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Sept. 15 — Six years of litigation over an Arizona immigration law ended with the parties settling the outstanding issues in the case ( Valle del Sol v. Whiting , D. Ariz., No. 2:10-cv-01061, joint motion filed 9/15/16 ).
Spurring multiple lawsuits, the state’s enforcement-style immigration law ( S.B. 1070) became the epicenter of the debate over whether the states could regulate unauthorized immigration in the wake of congressional inaction.
The U.S. Supreme Court in 2012 struck down a chunk of the state law, including provisions making it a crime for undocumented immigrants to work in the state.
The lawsuit that was settled Sept. 15 was filed by advocacy groups and individuals affected by the law. The legal challenge that formed the basis of the Supreme Court case was brought by the Justice Department.
The present case made it up to the U.S. Court of Appeals for the Ninth Circuit twice.
The first time involved provisions of the law making it illegal for day laborers to solicit work from motorists and for motorists to pick up day laborers. The appeals court agreed with the advocacy groups that those provisions violated the First Amendment.
The second—also a victory for the organizations on constitutional grounds—had to do with the provisions making it illegal to harbor and transport undocumented immigrants.
“This settlement reinforces the fact that law enforcement all across the United States must be blind to race or national origin,” United Food and Commercial Workers Secretary-Treasurer Esther López said in a statement. “Hard-working people create great value and their rights and pursuit of a better life must be protected. While this legal battle may be over, our vigilance and our fight for equality and justice for all will never cease.”
The UFCW was a plaintiff in the lawsuit.
“I applaud Attorney General [Mark] Brnovich for his work and leadership on this issue,” Arizona Gov. Doug Ducey (R) said in a statement provided to Bloomberg BNA Sept. 15. “This is a positive development, and allows us to move forward to a new chapter for our state and all parties involved.”
Andre Segura, an attorney with the American Civil Liberties Union, told Bloomberg BNA Sept. 15 that the parties to the lawsuit filed a joint request with the U.S. District Court for the District of Arizona to dispose of the rest of the case in a certain manner.
That includes issuing an order that the Arizona attorney general must issue an opinion expressing the constitutional limits on law enforcement’s ability to handle immigration matters—for example, that race can’t be a factor in determining whether to check someone’s immigration status. That opinion will have to be sent to most law enforcement agencies in the state so they have “clear guidelines” about how to enforce the law, he said.
The parties also asked the court to block provisions of S.B. 1070 that are dependent upon other provisions that have already been blocked by the courts, Segura said. For instance, one provision involves impounding a person’s car if he or she is guilty of harboring an undocumented immigrant. But the harboring provision was blocked by the Ninth Circuit, he said.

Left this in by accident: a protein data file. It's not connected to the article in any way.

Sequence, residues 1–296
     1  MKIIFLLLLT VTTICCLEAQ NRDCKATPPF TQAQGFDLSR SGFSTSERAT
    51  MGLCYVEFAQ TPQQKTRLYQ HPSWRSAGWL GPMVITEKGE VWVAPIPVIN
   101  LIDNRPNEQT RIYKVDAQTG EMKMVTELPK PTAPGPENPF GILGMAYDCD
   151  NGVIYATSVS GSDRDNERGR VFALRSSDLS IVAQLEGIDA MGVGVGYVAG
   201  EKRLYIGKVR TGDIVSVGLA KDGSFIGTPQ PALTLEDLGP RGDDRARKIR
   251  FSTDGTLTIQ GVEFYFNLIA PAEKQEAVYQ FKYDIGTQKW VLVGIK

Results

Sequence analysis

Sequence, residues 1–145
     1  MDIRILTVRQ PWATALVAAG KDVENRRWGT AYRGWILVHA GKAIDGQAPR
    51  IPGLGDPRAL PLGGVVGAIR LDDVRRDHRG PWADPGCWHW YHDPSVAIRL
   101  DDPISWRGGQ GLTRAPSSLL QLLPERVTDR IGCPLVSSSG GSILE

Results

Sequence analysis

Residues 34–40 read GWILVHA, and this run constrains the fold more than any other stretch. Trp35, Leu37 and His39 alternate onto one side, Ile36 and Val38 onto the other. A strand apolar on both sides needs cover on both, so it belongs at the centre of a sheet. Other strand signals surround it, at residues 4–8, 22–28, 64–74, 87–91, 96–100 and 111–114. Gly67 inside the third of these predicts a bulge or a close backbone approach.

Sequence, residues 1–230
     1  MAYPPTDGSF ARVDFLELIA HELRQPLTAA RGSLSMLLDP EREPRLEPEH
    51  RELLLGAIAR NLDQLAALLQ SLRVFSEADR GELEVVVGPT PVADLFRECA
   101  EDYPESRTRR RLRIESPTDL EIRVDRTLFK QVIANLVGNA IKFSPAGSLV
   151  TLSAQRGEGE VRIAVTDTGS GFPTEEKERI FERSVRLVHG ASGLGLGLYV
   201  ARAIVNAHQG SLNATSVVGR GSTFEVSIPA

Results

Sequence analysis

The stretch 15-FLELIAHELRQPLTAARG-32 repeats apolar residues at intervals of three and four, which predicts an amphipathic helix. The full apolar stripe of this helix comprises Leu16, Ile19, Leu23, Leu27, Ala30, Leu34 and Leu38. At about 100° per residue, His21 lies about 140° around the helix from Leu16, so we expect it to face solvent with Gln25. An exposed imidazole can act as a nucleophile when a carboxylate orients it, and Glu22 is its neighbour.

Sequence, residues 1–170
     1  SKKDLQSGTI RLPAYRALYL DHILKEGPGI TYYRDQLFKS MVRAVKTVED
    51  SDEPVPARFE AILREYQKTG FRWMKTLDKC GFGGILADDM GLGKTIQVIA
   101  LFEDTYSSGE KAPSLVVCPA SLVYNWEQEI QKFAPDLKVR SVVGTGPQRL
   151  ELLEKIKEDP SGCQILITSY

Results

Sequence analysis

Finally, Segura said the joint request asks for the court to award attorneys’ fees to the plaintiffs.
After all the litigation, “not much is left” of S.B. 1070, Segura said. The Supreme Court upheld the “show me your papers” provision, which allows state and local police to ask for immigration documents. But most states with such a provision, including Arizona, have issued attorney general opinions stating that state and local police can’t detain someone solely for being in the country illegally because that’s a civil, not a criminal, violation.
As a result, S.B. 1070—intended to make life so unpleasant for undocumented immigrants in the state that they would leave voluntarily—is “drastically curtailed from what the original intent was,” Segura said.
But that doesn’t end all litigation over Arizona’s treatment of immigrants. In fact, a new lawsuit was filed Sept. 12 challenging the state’s policy of denying driver’s licenses to certain immigrants ( Osoria v. Ducey , D. Ariz., No. 2:16-cv-03072, complaint filed 9/12/16 ).
The policy denies driver’s licenses to undocumented immigrants with deferred action, a form of deportation relief that also allows for work authorization if there is economic need. It was adopted in the wake of another lawsuit over an executive order by former Gov. Jan Brewer (R) denying licenses to participants in the deferred action for childhood arrivals program.
After a federal judge in Arizona found there is no rational basis for the state to single out DACA recipients from others who received deferred action through other programs, the state started denying licenses to all deferred action recipients.
The Ninth Circuit in April put a permanent ban on the anti-DACA policy. But because the policy applying to other deferred action recipients wasn’t part of the lawsuit, it’s still in place. That means immigrants with deferred action because they are helping law enforcement or because they were victims of domestic violence can’t drive to work, and they have been negatively impacted because of that, the lawsuit claims.
A spokeswoman for Ducey said Sept. 15 that the governor’s office is reviewing the driver’s license policy lawsuit.
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Text of the joint motion is available at http://www.bloomberglaw.com/public/document/Valle_del_Sol_et_al_v_Whiting_et_al_Docket_No_210cv01061_D_Ariz_M. Text of the complaint in the driver’s license case is available at http://www.bloomberglaw.com/public/document/Osoria_et_al_v_Ducey_et_al_Docket_No_216cv03072_D_Ariz_Sept_12_20.
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